Q2: The scriptures actually say nothing about homosexuality as a psychosexual orientation. Our understandings of sexual orientation are distinctly modern ones that were not present in the minds of Scripture writers. A few passages of Scripture (seven at the most) object to certain types of same-sex expressions or acts. The particular acts in question, however, are sexual expressions which are exploitative, oppressive, commercialized, or offensive to ancient purity rituals. There is no Scriptural guidance for same-sex relationships which are loving and mutually respecting. Guidelines for these relationships should come from the same general Scriptural norms that apply to heterosexual relationships.

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Rev Dr. Professor John B Cobb Jr, PhD (United Methodist -- recently retired from Ingraham Professor of Theology at the School of Theology at Claremont and an Avery Professor at Claremont Graduate School, holds masters and PhD from the University of Chicago Divinity School):

    Q1: Surely being attracted to persons of the same sex is not, as such, a sin. But of course how we act in our attractions, towards whichever sex, is often sinful. The ideal is to be responsible and faithful rather than self-indulgent. Unfortunately, society does not encourage responsible and faithful relations with persons of the same sex. That makes the situation of the homosexual very difficult.

    Q2: Certainly some of the Biblical writers objected to homosexual acts, but there is surprisingly little attention to this topic. The opposition of the church comes from other sources much more than from scripture. There are more scriptural reasons to oppose homophobia than to oppose homosexuality.

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Bishop Melvin Wheatley Jr (United Methodist -- ordained elder of the United Methodist Church who retired in 1984 after 33 years as pastor and 12 years as bishop, honorary PFLAG director due to services to gay and lesbian people in the church):

    Q1: Of course not! The preponderance of evidence now available identifies homosexuality to be as natural a sexual orientation for a significant percentage of persons as heterosexuality is the natural sexual orientation for the majority of persons. Homosexuality is an authentic condition of being with which some persons are endowed (a gift from God, if you please), not an optional sexual lifestyle 1 which they have willfully, ly or sinfully chosen. Certainly one's sexuality -- heterosexual or homosexual -- may be acted out in behaviors that are sinful: brutal, exploitative, selfish, superficial. But just as surely, one's homosexual orientation as well as another's heterosexual orientation may be acted out in ways that are beautiful: tender, considerate, mutual, responsible, loyal, profound.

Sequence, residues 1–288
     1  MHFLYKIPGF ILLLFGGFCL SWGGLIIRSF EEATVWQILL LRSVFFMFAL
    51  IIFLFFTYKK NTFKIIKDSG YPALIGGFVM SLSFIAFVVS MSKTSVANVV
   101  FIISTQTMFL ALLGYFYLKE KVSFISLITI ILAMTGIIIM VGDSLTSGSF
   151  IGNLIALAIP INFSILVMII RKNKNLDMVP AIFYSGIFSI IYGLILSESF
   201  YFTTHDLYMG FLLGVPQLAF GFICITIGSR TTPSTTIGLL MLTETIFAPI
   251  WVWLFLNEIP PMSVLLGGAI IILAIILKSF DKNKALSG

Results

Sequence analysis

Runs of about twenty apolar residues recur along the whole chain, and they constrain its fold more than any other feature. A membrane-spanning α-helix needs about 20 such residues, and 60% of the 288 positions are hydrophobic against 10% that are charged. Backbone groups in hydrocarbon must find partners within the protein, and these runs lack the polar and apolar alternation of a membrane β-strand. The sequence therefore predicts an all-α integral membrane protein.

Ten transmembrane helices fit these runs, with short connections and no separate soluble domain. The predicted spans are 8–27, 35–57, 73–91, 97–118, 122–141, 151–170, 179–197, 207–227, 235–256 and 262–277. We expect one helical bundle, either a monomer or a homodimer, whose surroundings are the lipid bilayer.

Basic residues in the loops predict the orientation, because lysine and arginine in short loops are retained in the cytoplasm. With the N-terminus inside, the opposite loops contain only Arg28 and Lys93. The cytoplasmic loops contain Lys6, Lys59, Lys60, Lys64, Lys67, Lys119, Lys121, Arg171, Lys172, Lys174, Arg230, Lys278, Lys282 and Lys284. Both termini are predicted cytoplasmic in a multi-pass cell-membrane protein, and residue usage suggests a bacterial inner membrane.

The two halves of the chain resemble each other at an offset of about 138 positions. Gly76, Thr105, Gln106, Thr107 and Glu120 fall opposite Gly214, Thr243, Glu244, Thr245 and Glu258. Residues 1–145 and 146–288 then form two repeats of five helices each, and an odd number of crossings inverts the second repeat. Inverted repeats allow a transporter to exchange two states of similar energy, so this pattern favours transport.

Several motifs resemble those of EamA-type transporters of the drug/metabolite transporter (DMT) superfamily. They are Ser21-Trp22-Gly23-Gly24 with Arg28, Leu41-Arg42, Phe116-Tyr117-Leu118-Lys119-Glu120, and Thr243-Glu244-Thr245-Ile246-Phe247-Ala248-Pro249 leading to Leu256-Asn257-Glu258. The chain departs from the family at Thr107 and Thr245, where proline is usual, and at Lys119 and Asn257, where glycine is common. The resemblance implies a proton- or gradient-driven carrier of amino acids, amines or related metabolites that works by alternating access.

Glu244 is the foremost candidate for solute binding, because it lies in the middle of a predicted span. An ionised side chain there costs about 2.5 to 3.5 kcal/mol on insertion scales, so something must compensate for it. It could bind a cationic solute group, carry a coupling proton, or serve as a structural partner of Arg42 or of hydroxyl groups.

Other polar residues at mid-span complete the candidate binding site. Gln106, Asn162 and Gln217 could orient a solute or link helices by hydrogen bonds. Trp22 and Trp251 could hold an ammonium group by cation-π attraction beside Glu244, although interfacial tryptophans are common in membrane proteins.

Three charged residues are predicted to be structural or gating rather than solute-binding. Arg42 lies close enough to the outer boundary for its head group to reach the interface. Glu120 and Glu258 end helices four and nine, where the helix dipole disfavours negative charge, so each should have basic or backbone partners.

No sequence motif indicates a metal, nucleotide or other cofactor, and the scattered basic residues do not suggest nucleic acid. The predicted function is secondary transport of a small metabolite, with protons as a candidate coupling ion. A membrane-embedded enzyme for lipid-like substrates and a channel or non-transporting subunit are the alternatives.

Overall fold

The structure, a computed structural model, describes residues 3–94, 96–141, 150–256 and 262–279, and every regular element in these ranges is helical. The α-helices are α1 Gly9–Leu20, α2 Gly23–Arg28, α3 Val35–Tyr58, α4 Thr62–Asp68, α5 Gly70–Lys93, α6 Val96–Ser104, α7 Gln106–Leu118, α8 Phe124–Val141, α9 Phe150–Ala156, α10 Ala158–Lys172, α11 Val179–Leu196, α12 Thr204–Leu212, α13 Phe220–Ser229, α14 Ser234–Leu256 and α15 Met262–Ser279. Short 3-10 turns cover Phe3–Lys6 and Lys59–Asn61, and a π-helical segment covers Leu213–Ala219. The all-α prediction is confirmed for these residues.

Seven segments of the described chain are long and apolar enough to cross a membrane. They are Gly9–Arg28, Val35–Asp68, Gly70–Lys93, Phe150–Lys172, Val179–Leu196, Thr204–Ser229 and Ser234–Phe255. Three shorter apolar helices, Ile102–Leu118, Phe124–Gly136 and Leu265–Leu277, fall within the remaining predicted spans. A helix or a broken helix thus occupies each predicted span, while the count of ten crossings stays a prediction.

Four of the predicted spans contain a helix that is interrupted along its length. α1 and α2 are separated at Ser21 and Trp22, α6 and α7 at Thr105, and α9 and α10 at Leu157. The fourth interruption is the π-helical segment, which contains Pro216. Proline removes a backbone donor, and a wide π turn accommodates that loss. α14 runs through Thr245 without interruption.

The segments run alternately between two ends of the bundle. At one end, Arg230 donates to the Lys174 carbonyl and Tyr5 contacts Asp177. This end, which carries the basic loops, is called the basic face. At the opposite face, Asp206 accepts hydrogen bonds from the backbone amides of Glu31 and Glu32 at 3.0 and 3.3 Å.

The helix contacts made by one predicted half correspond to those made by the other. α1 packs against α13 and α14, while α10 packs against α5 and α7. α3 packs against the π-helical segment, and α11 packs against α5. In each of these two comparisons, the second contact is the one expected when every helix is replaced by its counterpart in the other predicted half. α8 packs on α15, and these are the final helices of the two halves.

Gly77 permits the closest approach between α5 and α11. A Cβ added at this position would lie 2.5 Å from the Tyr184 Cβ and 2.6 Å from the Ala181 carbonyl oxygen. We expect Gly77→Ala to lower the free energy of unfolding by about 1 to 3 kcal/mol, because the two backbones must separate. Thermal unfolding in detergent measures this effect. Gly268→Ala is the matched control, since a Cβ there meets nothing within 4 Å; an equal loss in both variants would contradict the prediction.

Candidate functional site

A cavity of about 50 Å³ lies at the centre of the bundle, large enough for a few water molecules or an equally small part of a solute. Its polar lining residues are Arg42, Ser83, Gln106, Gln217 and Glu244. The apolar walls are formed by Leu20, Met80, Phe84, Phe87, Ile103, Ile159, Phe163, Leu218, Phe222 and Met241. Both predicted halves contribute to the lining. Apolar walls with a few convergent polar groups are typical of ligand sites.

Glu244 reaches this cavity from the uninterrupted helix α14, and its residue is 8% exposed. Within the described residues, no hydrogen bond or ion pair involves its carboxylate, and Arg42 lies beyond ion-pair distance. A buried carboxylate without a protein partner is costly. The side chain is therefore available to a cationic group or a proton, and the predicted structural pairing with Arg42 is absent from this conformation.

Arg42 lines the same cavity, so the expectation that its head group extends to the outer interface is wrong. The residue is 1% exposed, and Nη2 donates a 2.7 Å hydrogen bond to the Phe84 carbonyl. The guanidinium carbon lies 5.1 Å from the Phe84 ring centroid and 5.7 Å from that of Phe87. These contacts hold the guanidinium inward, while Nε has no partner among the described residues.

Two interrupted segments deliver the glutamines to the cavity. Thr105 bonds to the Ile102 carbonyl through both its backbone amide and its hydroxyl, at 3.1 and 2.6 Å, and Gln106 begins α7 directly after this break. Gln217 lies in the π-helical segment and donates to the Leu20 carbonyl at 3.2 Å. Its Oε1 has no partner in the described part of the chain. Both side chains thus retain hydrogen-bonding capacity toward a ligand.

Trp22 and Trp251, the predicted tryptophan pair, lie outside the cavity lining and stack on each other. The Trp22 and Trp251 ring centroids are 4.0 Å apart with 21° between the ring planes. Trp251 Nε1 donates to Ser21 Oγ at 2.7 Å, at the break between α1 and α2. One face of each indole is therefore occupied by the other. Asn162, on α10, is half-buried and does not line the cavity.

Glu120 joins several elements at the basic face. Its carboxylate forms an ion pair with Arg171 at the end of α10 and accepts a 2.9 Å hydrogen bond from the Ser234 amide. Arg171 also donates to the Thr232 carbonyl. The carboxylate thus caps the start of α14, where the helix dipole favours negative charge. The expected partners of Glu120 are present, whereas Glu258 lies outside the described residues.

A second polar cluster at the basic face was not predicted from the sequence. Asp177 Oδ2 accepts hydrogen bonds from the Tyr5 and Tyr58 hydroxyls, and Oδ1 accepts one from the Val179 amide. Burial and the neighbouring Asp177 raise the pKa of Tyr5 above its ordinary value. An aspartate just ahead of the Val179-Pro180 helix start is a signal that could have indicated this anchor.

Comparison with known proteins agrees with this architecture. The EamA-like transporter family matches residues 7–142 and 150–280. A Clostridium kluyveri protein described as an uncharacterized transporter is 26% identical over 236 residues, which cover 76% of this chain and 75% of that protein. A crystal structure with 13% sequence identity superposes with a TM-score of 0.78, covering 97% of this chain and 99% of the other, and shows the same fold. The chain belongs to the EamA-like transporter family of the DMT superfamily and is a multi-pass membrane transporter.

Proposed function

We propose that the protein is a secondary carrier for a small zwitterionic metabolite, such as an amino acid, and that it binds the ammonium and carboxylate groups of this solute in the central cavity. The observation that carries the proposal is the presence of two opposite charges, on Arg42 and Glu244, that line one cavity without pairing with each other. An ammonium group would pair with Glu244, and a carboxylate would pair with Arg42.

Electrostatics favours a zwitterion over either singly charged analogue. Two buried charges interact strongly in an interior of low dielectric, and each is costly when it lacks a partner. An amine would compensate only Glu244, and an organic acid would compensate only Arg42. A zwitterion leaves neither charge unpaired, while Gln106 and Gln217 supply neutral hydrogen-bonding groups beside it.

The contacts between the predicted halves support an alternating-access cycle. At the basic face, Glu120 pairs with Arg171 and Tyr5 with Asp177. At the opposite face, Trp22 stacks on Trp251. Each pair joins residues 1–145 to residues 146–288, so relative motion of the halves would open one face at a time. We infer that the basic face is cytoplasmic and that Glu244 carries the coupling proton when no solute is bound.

Q2: The Scriptures at no point deals with homosexuality as an authentic sexual orientation, a given condition of being. The remarkably few Scriptural references to "homosexuality" deal rather with homosexual acts, not with homosexual orientation. Those acts are labeled as wrong out of the context of the times in which the writers wrote and perceived those acts to be either non masculine, idolatrous, exploitative, or pagan. The kind of relationships between two consenting adults of the same sex demonstrably abounding among us -- relationships that are responsible and mutual, affirming and fulfilling -- are not dealt with in the Scriptures. Dealing with those relational realities is one of the tasks we are about in our time.

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References used:

The following information sources were used to prepare and update the above essay. The hyperlinks are not necessarily still active today.

  1. The term "lifestyle" is often associated with homosexual orientation. However it normally refers to a chosen and changeable behavior in one's life, like living in an urban or rural area, being self-employed or working for a company; being single or married or living together. Lesbians, gays, and bisexuals generally agree that a sexual orientation is not chosen, changeable, or a behavior.

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Copyright remains with the individual contributors.
Initial posting: 2011-APR-30